A collective of bibliophiles talking about books. Book Fox (vulpes libris): small bibliovorous mammal of overactive imagination and uncommonly large bookshop expenses. Habitat: anywhere the rustle of pages can be heard.
When I was reading some new poems recently, I was struck by how this one showed the universality of people displaced from their homeland. The news reports make refugees into a problem to be dealt with and seldom do we consider their desperation and individual stories. We Refugees has a first person narrator and an almost musical rhythm, so while it deals with serious subjects, it is not full of doom and gloom. There is a tone of regret, thoughts of what is lost and a tiny glimmer of hopefulness that a return could be possible at some point. The narrator could be any age or gender, actually, though my first impression was of a young person. They appear to be from Afghanistan, though it’s never named, but there are references to “a sunny, sandy place” “where girls cannot go to school” and “even young boys must grow beards”. The first part of the poem is a contrast between how the culture and the land itself has changed, the lush forest which is now a field and the dangers of music.
The most poignant part of the poem is the middle:
“We can all be refugees
Nobody is safe,
All it takes is a mad leader
Or no rain to bring forth food,
We can all be refugees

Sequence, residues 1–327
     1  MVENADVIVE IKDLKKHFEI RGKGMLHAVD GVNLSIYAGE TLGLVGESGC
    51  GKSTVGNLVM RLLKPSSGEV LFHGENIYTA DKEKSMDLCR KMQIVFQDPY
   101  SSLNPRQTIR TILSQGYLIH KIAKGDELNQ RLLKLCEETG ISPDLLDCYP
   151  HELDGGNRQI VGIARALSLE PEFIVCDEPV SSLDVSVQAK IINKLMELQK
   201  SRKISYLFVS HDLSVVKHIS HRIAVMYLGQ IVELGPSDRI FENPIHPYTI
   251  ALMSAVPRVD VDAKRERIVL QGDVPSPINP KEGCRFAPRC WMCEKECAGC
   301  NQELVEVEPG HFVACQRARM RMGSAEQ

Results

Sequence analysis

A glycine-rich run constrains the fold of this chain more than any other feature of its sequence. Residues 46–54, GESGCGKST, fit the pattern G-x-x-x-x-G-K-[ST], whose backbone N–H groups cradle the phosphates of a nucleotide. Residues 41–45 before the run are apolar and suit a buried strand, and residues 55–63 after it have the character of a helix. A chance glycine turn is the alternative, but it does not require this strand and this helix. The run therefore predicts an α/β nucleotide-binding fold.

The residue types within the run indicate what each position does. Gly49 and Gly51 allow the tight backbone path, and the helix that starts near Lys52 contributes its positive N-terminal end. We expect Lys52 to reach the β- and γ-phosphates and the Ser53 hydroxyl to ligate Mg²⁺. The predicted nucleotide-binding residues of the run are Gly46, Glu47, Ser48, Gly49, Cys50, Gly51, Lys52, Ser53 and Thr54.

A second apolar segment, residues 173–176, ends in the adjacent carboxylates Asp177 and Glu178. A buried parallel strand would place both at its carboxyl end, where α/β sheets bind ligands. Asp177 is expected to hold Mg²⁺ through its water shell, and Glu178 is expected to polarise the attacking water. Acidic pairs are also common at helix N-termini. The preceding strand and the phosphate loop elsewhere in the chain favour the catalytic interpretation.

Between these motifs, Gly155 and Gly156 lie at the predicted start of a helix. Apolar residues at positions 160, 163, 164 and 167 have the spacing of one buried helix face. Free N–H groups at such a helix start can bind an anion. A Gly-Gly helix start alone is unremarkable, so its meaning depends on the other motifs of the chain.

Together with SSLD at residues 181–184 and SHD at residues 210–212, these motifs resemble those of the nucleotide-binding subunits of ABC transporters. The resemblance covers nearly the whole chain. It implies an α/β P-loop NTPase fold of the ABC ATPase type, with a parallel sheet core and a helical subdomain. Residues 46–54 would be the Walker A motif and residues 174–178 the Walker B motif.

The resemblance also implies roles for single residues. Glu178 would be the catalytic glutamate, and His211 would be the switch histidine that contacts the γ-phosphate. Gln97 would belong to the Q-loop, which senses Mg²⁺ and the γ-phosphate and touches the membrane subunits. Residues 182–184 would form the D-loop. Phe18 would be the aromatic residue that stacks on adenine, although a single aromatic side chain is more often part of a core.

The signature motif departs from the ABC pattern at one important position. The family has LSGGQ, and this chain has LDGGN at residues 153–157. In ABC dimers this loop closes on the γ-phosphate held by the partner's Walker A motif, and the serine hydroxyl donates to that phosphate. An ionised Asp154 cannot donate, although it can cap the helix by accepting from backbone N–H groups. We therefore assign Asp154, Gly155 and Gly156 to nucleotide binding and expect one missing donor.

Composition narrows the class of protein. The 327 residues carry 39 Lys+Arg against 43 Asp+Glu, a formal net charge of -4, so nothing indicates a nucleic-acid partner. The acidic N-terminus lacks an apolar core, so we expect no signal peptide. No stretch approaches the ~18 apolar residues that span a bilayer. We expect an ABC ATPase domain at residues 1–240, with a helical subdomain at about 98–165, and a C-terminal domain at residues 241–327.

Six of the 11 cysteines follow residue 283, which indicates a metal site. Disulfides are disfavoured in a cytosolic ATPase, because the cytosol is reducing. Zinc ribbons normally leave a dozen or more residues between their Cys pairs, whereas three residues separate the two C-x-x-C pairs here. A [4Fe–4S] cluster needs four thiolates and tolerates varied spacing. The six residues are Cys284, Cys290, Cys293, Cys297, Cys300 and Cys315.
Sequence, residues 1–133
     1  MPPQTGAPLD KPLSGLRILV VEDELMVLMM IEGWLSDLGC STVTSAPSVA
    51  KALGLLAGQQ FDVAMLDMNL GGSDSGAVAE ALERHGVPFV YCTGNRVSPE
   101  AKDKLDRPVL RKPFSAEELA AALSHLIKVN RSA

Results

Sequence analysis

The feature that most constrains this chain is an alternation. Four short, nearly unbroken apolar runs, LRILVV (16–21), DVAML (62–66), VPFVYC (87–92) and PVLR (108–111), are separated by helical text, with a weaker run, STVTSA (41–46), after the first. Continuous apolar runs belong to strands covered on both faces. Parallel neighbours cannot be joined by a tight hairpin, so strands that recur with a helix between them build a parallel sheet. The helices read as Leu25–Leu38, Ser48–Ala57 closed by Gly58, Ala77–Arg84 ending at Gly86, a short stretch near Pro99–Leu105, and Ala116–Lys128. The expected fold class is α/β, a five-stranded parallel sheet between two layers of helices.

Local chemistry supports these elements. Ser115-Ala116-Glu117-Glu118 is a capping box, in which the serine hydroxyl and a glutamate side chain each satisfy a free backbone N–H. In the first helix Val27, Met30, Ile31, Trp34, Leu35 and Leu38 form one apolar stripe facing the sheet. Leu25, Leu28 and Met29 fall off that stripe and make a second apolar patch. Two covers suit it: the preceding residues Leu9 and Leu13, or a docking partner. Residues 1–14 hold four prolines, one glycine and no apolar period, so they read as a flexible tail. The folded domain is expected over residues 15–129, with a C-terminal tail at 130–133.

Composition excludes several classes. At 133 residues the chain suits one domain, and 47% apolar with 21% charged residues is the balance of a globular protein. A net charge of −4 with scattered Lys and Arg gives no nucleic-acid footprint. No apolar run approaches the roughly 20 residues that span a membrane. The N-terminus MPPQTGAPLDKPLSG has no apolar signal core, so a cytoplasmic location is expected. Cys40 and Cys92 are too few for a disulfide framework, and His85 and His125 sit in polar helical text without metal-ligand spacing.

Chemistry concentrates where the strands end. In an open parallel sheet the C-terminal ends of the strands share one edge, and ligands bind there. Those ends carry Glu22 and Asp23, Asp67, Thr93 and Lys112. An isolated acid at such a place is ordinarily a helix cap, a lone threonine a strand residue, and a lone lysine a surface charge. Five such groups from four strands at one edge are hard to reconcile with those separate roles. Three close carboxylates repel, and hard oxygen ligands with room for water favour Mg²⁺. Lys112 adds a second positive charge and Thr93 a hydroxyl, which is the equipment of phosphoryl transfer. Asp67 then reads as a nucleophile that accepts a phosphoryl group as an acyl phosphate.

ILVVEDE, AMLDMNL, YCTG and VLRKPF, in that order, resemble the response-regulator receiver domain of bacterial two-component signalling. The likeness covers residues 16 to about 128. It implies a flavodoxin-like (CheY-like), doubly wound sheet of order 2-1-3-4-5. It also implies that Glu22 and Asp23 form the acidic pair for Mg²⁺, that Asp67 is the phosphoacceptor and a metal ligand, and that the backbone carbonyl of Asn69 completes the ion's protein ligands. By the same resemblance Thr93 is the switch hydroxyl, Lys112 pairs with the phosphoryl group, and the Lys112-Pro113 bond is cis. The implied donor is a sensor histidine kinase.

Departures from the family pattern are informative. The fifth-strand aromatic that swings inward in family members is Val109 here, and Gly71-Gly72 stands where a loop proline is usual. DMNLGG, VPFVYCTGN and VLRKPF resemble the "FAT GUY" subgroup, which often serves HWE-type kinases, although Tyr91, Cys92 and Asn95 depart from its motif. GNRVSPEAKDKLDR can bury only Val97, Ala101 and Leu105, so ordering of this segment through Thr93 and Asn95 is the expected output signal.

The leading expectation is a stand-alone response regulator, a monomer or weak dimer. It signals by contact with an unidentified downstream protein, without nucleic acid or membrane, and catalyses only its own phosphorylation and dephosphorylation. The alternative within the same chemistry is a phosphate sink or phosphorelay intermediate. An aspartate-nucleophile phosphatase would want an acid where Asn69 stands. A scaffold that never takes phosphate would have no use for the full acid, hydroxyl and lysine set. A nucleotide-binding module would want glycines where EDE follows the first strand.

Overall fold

We can all be told to go…”
It points out how random and out of our control circumstances can be that creates refugees. And how timeless, too. The very places that are refusing people now were once full of people fleeing themselves not so long ago.
The end of the poem shows how the narrator is viewed by others:
“I am told I have no country now
I am told I am a lie”
This is how refugees are looked at, as a statistic, not as individual, as if their identity is erased, their family ties and names forgotten from both their homeland and the new places where they seek asylum. The final lines reiterate how it is just luck or good fortune which prevents others from facing a similar situation and offers a wish that those listening to the narrator will understand the connections that we all have, just by being human.
I was shocked that the author was not a refugee himself, but rather a man of Jamaican descent who grew up in the UK. He’s received numerous honors for his writings as both poet and novelist and is an activist for Amnesty International and animal rights organizations. This poem is not the only foray into the issue, his novel Refugee Boy was published in 2001 and follows the journey of a boy affected by events in Ethiopia. It is the mark of a gifted writer who can convey the emotions and experiences that they have not experienced and this poem does it splendidly.
Photo of children welcoming spring is from the Tumblr page Afghanistan in Photos by Bahar Aaamad